The Trees Sang with Joy: A Teaching for Tu b’Shevat

by Yonatan Neril.

Beit Hillel teaches that Tu b’Shevat is the new year of the trees. [1] At this time of sap rising within trees it is an appropriate time to explore a teaching of the Sages on how our forefathers related to trees.

According to the Midrash [2] , when Yaakov went down to Egypt, he received a prophecy that his descendants would be redeemed from there and be commanded to build a Mishkan (Sanctuary) in the desert. The Sanctuary existed as a center for Divine worship for over 400 years in Israel until King Solomon built the first Temple in Jerusalem in 832 BCE. Yaakov instructed his children to plant acacia trees in Egypt. Over the hundreds of years of slavery, those saplings grew into large, mature trees. Before the Exodus, the Israelites cut down those trees and brought them with them through the Sea of Reeds into the desert.[3] When the Israelites built the Sanctuary out of these trees, the trees sang jubilantly before God, as it says in Psalms, “then all the trees of the forest will sing with joy before Hashem.”[4] Rabbi Shimshon Rafael Hirsch understands the word used to describe the trees' singing—from the root 'ranan'–as joyful singing—in exaltation and jubilation.[5]

Why did the cut-down trees (now planks of wood) sing joyously when they were being brought to build the Sanctuary?[6] The trees' singing may be rooted in two significant factors: the relationship of the people to the trees, and how they were to be used.

First, according to the Sages, these trees and those that preceded them were in relationship with people for thousands of years. According to Rabbi Ibn Sho'eev of medieval Spain,“They [the Sages] said that Adam took trees from the Garden of Eden and gave them to Avraham, and Avraham [gave them] to Yitzhak, and Yitzhak [gave them] to Yaakov. Yaakov took them down to Egypt, and from there the tribes of Israel took them out. This is the acacia wood [commanded for use in the Sanctuary].”[7]

The previous Lubavitcher rebbe, Rabbi Menachem Mendel Schneerson zt'l teaches that when the Israelite slaves saw these trees, they recalled Yaakov's prophesy and were reminded of their future redemption.[8] These descendants of Yaakov,who used the wood for the Mishkan, cut down the forest and then carried the wood logs out of Egypt, through the sea, and into the desert. The Israelites' positive connection to these trees from Avraham to Moshe likely contributed to the trees' celebrating their being used, even though that meant being cut down.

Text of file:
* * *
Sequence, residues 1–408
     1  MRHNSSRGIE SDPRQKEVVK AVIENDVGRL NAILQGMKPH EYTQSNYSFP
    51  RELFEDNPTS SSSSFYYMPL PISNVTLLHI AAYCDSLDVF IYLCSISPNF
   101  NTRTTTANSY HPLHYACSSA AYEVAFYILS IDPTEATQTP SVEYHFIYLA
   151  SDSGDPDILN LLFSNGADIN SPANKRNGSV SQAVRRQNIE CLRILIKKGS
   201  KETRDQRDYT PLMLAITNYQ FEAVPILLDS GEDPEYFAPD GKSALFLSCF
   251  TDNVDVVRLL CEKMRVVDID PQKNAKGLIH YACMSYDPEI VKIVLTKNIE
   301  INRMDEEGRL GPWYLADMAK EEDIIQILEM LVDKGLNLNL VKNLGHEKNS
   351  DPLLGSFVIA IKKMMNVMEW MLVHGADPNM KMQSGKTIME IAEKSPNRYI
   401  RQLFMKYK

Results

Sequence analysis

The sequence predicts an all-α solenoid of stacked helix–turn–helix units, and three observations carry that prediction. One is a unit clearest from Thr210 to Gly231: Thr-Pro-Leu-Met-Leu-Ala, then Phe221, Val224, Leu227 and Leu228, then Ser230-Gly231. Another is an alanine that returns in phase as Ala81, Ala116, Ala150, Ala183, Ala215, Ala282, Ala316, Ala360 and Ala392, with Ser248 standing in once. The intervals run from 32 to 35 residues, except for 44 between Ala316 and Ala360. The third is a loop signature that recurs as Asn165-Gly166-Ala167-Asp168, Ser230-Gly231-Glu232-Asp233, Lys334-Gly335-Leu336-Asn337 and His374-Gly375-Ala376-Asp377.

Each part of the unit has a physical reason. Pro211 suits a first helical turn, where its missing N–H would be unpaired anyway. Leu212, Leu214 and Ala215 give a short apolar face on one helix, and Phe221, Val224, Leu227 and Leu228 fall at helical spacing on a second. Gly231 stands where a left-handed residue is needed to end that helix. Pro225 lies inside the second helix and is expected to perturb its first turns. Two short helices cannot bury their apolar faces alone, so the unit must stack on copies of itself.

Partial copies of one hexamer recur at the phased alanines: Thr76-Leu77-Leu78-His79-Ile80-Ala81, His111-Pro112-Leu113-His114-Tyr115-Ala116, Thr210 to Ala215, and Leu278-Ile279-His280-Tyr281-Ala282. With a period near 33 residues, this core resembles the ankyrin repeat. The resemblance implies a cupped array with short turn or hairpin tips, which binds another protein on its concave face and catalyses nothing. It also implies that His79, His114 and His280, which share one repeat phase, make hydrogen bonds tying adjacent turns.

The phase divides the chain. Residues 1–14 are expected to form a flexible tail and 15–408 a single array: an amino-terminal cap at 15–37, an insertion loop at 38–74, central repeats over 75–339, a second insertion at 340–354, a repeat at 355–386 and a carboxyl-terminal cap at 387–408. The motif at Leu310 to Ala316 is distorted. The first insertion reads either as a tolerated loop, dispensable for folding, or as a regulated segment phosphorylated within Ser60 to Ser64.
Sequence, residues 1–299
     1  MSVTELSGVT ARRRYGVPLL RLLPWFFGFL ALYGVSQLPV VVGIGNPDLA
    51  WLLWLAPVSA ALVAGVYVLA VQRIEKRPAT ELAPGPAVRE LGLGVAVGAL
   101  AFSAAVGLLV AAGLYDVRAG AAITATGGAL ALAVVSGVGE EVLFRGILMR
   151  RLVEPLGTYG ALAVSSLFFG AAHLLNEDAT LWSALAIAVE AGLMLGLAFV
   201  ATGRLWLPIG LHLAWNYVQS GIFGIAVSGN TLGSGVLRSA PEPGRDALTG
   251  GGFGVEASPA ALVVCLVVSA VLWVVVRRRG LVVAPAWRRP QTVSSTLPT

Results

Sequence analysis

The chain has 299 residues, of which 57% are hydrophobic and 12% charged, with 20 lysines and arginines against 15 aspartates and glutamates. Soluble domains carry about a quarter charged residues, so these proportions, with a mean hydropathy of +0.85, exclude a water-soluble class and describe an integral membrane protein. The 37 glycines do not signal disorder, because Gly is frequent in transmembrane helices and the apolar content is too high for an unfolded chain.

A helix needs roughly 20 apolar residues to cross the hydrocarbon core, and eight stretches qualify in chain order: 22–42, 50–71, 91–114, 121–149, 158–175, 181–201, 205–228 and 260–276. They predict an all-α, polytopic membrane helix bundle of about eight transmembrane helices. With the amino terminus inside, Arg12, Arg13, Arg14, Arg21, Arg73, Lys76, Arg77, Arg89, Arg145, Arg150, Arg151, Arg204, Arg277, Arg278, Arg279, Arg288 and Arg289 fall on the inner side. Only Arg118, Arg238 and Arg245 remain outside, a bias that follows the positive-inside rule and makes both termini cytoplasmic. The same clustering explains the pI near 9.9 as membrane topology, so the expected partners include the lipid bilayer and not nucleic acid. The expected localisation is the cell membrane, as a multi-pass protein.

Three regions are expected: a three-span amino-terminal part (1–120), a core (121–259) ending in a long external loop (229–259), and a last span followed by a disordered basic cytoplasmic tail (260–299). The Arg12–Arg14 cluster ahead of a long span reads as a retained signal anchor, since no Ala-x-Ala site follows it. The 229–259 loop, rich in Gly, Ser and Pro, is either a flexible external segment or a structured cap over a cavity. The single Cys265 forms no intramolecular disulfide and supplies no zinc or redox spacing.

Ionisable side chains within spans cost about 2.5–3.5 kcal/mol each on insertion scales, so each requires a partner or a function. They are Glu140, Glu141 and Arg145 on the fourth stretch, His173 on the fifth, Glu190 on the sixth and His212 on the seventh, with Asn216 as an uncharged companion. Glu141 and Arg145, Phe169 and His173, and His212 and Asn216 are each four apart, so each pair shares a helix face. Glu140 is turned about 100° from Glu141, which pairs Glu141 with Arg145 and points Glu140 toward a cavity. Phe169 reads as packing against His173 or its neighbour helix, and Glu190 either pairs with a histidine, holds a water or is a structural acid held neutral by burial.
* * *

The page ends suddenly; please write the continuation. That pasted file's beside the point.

A second factor why the trees sang relates to the purpose for which they were used. They were to become the pillars of the Sanctuary of God, which the Torah describes as the dwelling place of the Shechina (Divine Presence) amidst the Jewish people.[9] The Ohr HaChaim explains the deep kabbalistic significance of these planks, which in their vertical position connected the upper holiness to the lower holiness. God commanded that they measure ten amot (cubits), which corresponds to the ten spiritual emanations (sefirot).[10] In this we can find the ultimate example of use of trees for a higher goal. Thus, perhaps the reason the trees were singing in such exultation was because they would be used for a holy purpose in the Sanctuary over many centuries.[11]

We have seen that our ancestors related to trees in such a way that the trees broke into song when they were used toward an elevated, long-term use. Their example is instructive for us in terms of how we use trees. Oftentimes, we are not even aware that we are using a tree. Instead, we relate to a product made of trees in its consumer form—a cardboard box, an envelope, etc. Even if we do know, we may not understand the significance of cutting a tree that may support a rich ecosystem and benefit us in a myriad of ways.

The recent Jewish custom to plant trees on Tu b’Shevat is important and praiseworthy, but it will not make up for the rate at which our consumption of trees results in their being cut down. According to statistics based onthe governor-appointed Wisconsin Council on Forestry, “In just one year, the average American consumes enough wood and paper to make up a tree 100 feet tall and sixteen inches in diameter. That breaks down to 43 cubic feet of wood and 681 pounds of paper per American per year for building supplies, newsprint, printing and writing paper, tissue towels, product packaging, mail and thousands of other products.”[12] It is as if an average US resident cuts down a large tree every year, likely without being aware of it. In our lifetimes, each of us will probably consume a small forest of 70 to 80 large trees. Consider the usage of the members of ourextended family, and we can see that our family will likely consume several thousand trees in our lifetimes.